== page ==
display rows in the result that do not have matching values in the join column, use Outer join. S ± (Left) outer join is join in which tuples from R that do not have matching values in common columns of S are also included in result relation. 

R

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Example - Left Outer join 
Produce a

status report on property viewings.

4propertyNo, street, city(PropertyForRent) Viewing

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Semijoin 
R
FS

± Defines a relation that contains the tuples of R that participate in the join of R with S. 
Can

rewrite Semijoin using Projection and Join:
FS

R

= 4A(R

F

S)

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Example - Semijoin 
List

complete details of all staff who work at the branch in Glasgow. Staff
Staff.branchNo=Branch.branchNo(Wcity=µGlasgow¶(Branch))

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Division 
R z S ± Defines a relation over the attributes C that consists of set of tuples from R that match combination of every tuple in S. 
Expressed using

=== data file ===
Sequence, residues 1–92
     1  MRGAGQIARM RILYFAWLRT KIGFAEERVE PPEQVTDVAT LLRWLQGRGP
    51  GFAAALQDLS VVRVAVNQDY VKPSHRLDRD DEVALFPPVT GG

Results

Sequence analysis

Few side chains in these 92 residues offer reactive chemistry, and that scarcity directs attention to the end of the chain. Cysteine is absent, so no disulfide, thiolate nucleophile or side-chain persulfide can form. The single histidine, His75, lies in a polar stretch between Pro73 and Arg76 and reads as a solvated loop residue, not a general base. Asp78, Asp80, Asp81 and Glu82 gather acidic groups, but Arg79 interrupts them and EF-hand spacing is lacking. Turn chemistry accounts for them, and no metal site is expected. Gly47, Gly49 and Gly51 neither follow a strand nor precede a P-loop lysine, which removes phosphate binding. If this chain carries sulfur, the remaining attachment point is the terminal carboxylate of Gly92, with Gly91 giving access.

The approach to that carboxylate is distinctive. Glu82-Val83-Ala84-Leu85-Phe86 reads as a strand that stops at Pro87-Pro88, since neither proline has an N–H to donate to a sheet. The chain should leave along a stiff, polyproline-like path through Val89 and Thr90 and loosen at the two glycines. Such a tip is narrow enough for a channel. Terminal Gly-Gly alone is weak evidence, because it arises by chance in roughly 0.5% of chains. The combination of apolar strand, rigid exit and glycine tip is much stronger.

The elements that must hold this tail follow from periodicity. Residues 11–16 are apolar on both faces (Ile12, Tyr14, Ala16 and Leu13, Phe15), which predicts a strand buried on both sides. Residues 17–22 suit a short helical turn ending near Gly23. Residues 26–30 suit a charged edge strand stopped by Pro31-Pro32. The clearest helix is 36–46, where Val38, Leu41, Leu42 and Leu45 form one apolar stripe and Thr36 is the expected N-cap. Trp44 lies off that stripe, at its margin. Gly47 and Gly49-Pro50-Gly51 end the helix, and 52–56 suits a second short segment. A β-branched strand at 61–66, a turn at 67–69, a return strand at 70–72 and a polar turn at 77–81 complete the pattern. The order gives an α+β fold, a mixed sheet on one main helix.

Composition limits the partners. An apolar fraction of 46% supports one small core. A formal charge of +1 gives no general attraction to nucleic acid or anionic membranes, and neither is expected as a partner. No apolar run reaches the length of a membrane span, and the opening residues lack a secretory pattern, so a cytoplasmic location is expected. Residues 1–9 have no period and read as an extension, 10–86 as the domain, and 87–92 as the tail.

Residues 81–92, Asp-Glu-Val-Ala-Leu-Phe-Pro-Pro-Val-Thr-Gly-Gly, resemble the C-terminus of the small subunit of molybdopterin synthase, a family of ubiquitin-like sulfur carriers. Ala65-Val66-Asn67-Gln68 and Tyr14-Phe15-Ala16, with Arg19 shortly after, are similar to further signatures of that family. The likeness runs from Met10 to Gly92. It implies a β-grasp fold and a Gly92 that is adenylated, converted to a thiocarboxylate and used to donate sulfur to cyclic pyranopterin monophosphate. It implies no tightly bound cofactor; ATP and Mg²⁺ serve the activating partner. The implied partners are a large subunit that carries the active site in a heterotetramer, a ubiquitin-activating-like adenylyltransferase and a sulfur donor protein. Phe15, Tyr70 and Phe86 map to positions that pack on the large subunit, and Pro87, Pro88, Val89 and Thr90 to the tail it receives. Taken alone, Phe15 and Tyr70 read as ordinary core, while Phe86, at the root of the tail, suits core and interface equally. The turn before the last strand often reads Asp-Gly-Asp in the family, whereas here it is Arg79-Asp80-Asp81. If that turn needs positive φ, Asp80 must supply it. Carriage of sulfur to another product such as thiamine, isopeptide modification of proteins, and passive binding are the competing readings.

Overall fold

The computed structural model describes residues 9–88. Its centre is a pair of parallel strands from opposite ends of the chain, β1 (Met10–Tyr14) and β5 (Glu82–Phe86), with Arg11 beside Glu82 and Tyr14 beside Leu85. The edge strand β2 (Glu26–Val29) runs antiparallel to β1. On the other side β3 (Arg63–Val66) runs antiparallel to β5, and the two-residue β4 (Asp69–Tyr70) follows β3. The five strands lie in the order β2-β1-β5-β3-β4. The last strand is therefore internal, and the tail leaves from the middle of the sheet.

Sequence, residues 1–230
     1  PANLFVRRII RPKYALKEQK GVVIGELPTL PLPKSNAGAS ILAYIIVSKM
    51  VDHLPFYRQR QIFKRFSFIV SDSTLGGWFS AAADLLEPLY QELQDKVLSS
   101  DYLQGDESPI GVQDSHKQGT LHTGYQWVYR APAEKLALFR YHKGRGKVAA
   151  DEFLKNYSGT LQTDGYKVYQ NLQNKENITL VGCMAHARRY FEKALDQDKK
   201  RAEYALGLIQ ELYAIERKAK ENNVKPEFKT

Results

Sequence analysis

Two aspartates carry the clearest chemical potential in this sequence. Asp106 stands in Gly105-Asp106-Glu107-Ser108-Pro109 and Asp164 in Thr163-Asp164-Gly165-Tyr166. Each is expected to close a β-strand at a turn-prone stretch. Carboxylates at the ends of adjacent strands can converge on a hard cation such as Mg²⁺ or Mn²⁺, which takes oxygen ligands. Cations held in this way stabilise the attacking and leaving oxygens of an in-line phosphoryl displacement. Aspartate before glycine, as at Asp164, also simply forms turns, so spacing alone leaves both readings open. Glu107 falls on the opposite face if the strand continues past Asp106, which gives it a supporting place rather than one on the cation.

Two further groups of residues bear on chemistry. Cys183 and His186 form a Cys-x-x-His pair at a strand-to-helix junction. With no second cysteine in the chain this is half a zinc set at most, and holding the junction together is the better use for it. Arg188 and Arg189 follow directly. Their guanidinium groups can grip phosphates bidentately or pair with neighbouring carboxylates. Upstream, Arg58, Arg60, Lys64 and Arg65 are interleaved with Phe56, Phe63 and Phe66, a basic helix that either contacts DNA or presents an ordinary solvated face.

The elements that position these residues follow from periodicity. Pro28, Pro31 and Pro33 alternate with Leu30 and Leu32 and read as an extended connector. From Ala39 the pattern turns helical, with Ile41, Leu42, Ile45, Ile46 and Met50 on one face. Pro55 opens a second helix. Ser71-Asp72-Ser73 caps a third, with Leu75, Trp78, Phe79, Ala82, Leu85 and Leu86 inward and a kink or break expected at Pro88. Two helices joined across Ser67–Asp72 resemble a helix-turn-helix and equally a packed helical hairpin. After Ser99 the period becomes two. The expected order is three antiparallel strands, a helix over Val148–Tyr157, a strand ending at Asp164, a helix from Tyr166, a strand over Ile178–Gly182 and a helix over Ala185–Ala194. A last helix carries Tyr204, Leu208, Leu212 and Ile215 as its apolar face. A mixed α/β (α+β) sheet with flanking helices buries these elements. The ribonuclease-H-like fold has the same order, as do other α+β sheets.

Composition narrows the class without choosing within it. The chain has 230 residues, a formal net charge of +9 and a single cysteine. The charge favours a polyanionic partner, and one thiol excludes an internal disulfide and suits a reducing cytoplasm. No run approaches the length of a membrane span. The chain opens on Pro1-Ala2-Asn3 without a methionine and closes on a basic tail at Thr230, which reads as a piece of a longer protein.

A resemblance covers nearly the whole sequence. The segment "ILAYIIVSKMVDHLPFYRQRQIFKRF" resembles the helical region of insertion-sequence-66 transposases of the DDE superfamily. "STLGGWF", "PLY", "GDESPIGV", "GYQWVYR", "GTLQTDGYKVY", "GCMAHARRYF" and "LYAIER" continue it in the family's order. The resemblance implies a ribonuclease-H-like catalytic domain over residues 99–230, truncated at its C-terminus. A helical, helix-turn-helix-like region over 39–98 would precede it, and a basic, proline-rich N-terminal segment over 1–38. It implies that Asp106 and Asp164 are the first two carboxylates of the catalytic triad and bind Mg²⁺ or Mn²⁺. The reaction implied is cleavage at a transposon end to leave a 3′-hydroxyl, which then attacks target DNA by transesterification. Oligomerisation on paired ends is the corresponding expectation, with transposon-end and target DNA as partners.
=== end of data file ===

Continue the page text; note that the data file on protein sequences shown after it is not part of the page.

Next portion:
basic operations:

T1 n 4C(R) T2 n 4C((S X T1) ± R) T n T1 ± T2
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Example - Division 
Identify

all clients who have viewed all properties with three rooms. (4clientNo, propertyNo(Viewing)) z (4propertyNo(Wrooms = 3 (PropertyForRent)))

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Aggregate Operations 
ƒAL(R)

± Applies aggregate function list, AL, to R to define a relation over the aggregate list. ± AL contains one or more (<aggregate_function>, <attribute>) pairs .  Main aggregate functions are: COUNT, SUM, AVG, MIN, and MAX.

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Example ± Aggregate Operations 

How many properties cost more than £350 per month to rent? VR(myCount) ƒCOUNT propertyNo ( (PropertyForRent))
rent > 350

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Grouping Operation 
GAƒAL(R)

± Groups tuples of R by grouping attributes, GA, and then applies aggregate function list, AL, to define a new relation. ± AL contains one or more (<aggregate_function>, <attribute>) pairs. ± Resulting relation contains the grouping attributes, GA, along with results of each of the aggregate functions.

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Example ± Grouping Operation 

Find the number of staff working in each branch and the sum of their salaries.